The Malta Independent 2 March 2021, Tuesday

Islamic State claims credit for Tunisia attack that killed 39, Sousse suffers tourist exodus

Saturday, 27 June 2015, 09:10 Last update: about 7 years ago

The Islamic State, or ISIS, has reportedly claimed credit for yesterday’s attack in Tunisia, which left 37 people dead. The victims were mostly Western holidaymakers who were either massacred while they were sunbathing or in the hotel grounds.

A young man pulled a Kalashnikov from a beach umbrella and sprayed gunfire at European sunbathers at a Tunisian resort -  one of three deadly attacks Friday from Europe to North Africa to the Middle East that followed a call to violence by Islamic State extremists.

The shootings in the Tunisian resort of Sousse happened at about the same time as a bombing at a Shiite mosque in Kuwait and an attack on a U.S.-owned factory in France that included a beheading. It was unclear if the violence was linked but it came days after the IS militants urged their followers "to make Ramadan a month of calamities for the nonbelievers." In all, the assailants killed at least 65 people.

The SITE Intelligence Group reported later that the IS claimed credit for the Tunisia attack on its Twitter account and identified the gunman as Abu Yahya al-Qayrawani.

The attack in Tunisia, the country's worst ever, comes just months after the March 18 massacre at the national Bardo museum in Tunis that killed 22 people, again mostly tourists, and has called into question the newly elected government's ability to protect the country.

"Once again, cowardly and traitorous hands have struck Tunisia, targeting its security and that of its children and visitors," President Beji Caid Essebsi told reporters at the RIU Imperial Marhaba hotel, near the beach rampage site.

Essebsi promised "painful but necessary" measures, adding: "No country is safe from terrorism, and we need a global strategy of all democratic countries."

Rafik Chelli, the secretary of state of the Interior Ministry, told The Associated Press that the attack was carried out by a young student not previously known to authorities. At least 36 people were reported wounded in the shooting spree, which ended when the gunman was shot to death by police.

 

Gunman never travelled out of country

Tunisia's Prime Minister says an initial investigation shows the gunman was from a village in a poor central region of Tunisia and had never traveled abroad. Habib Essid said Seifeddine Rezgui, who was killed by police after the attack Friday in Sousse, was not previously known by authorities. He said he came from the town of Gaafour in the governorate of Siliana and had been a student at Kairouan university.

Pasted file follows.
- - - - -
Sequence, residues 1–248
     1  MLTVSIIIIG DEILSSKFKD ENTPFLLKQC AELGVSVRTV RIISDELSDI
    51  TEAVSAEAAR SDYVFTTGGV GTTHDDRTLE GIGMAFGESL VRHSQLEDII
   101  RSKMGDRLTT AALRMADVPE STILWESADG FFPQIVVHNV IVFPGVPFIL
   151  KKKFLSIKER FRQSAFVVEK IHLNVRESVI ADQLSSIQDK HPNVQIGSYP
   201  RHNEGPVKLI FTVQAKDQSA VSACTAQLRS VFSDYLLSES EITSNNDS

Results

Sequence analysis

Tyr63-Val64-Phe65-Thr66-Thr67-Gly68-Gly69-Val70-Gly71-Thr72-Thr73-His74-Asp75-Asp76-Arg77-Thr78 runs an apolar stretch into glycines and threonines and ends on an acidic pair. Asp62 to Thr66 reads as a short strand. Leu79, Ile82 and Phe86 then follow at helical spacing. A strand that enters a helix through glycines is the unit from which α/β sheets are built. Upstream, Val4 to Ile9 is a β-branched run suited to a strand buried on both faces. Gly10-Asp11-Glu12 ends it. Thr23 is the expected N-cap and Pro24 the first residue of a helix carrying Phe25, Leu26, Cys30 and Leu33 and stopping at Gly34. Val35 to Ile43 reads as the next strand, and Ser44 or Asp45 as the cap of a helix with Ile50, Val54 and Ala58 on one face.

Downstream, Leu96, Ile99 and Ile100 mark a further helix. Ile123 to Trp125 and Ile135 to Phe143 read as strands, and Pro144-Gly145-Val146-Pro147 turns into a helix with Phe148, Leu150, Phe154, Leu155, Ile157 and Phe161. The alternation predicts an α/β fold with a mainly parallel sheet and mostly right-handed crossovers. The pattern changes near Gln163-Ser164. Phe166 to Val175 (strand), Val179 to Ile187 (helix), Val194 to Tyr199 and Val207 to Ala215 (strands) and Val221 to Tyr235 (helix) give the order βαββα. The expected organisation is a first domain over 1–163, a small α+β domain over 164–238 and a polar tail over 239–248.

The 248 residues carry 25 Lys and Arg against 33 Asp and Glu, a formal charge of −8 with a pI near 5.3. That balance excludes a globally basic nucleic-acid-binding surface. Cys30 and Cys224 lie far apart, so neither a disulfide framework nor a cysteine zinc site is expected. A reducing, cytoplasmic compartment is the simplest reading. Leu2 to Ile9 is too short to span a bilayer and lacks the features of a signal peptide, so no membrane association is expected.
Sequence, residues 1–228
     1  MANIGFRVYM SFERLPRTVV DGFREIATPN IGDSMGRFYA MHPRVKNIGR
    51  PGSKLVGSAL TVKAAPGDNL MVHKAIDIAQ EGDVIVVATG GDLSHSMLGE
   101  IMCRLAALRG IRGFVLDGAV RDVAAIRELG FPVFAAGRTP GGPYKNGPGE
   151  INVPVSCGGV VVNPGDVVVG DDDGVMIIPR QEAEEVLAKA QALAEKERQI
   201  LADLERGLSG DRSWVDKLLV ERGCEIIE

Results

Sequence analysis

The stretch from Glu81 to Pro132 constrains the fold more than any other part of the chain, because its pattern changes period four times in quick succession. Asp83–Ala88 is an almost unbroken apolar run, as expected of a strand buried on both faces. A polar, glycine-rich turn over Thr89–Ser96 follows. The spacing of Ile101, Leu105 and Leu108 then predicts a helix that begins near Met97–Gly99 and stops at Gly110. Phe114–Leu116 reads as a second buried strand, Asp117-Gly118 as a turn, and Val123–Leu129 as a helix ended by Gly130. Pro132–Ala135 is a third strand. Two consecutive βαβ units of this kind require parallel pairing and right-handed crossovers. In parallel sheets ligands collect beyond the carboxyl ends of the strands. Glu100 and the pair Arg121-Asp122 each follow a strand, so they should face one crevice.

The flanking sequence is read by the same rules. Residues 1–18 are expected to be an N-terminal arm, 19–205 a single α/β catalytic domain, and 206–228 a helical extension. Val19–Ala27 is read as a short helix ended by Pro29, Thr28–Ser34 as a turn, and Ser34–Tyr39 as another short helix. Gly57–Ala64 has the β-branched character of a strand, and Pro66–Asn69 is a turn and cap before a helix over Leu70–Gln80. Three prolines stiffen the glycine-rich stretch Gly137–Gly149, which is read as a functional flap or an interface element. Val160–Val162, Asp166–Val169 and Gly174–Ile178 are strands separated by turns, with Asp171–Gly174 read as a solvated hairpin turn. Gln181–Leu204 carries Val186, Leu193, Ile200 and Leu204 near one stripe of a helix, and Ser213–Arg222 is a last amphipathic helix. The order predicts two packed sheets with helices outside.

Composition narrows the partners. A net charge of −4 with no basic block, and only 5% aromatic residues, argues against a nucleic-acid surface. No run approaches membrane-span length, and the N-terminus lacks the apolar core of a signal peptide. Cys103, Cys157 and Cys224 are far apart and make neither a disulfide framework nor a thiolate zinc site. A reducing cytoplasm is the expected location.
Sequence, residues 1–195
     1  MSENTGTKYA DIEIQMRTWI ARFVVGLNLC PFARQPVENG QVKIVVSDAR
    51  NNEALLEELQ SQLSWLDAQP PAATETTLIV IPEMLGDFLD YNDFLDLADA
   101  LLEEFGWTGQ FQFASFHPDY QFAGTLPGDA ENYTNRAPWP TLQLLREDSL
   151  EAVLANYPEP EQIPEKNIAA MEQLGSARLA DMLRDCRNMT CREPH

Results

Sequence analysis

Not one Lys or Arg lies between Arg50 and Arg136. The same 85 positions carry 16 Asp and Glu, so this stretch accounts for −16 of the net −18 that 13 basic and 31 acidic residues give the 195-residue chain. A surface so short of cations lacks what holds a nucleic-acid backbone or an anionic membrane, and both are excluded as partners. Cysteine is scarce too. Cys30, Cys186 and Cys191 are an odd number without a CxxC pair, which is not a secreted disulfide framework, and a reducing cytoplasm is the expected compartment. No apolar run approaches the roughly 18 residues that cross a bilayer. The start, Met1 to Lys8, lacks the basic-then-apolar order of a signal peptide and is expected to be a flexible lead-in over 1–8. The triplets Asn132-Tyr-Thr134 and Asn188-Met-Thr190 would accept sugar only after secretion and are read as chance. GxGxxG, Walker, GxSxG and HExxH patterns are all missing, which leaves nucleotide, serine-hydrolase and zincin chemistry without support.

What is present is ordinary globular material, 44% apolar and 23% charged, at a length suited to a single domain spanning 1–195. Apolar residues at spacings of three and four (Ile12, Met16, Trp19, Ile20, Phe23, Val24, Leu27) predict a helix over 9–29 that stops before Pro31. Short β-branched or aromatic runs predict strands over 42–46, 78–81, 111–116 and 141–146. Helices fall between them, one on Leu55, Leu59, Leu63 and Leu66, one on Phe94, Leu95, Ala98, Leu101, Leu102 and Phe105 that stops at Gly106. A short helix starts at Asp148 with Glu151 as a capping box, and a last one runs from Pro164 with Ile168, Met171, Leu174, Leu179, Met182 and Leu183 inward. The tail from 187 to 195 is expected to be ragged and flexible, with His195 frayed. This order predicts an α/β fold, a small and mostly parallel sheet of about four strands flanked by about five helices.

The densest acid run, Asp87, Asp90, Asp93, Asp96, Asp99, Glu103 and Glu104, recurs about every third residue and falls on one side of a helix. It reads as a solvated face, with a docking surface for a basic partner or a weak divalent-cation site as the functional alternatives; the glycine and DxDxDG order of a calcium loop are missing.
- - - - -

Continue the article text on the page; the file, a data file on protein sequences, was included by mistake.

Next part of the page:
The Islamic State group has claimed credit for the attack, identifying the gunman by his jihadi pseudonym Abu Yahya al-Qayrawani.

Belgian tourist Clause Besser has described from his hospital bed how he heard gunshots on the beach in a Tunisian resort town and tried to flee as a gunman killed at least 39 people. Besser recounted early Saturday how he took a bullet as he ran away from the shooter at the beach in Sousse.

"It's really sad but what can you do, for everyone, for the tourists, for the people who died, for their families," he said. "For me, somehow, with a bullet in the leg, it's not a catastrophe. For those who died or injured for life, it's something else," he added.

 

Tunisia's Prime Minister Habib Essid has identified the shooter, who was killed by police after the attack, as Seifeddine Rezgui. According to the SITE intelligence group, the Islamic State group has claimed responsibility for the attack.

 

Government, PN, Ahmadiyah condemn attack

The Maltese government yesterday condemned the attacks in Tunisia, France and Kuwait. It also expressed its condolences to the victims and wished a speedy recovery to the injured. The government also expressed solidarity with the three countries and offered “any form of necessary assistance” in the fight against global terrorism. The French goverment, it said, was certainly able to keep order and ensure that similar acts are not repeated. On the Kuwait suicide bombing it said it was a same that people were killed while praying during the holy month of Ramadan. The attacks in Tunisia are not only a human tragedy but are also a serious threat to the country’s democracy.

The Ahmadiyya Muslim Community unequivocally condemned the attacks. "The true teachings of Islam absolutely reject such barbarism and all peace-loving Muslims are left shocked and utterly horrified by the actions of terrorists.Our thoughts and prayers are with the innocent victims of this appalling crime. These attacks have become even more painful for all the peace-loving Muslims as they are fasting during the Holy month of Ramadan, a time to demonstrate righteousness.”

The attacks were also condemned by the Nationalist Party. Shadow minister Roberta Metsola and spokesman Tonio Fenech said: "more than ever before, today's horrific attacks show us that terrorism is a global phenomenon that makes no distinction between peoples of different religions or nationalities.

"We must stand firm in solidarity against extremism. Terror will not intimidate and will not prevail wherever it takes place."

 

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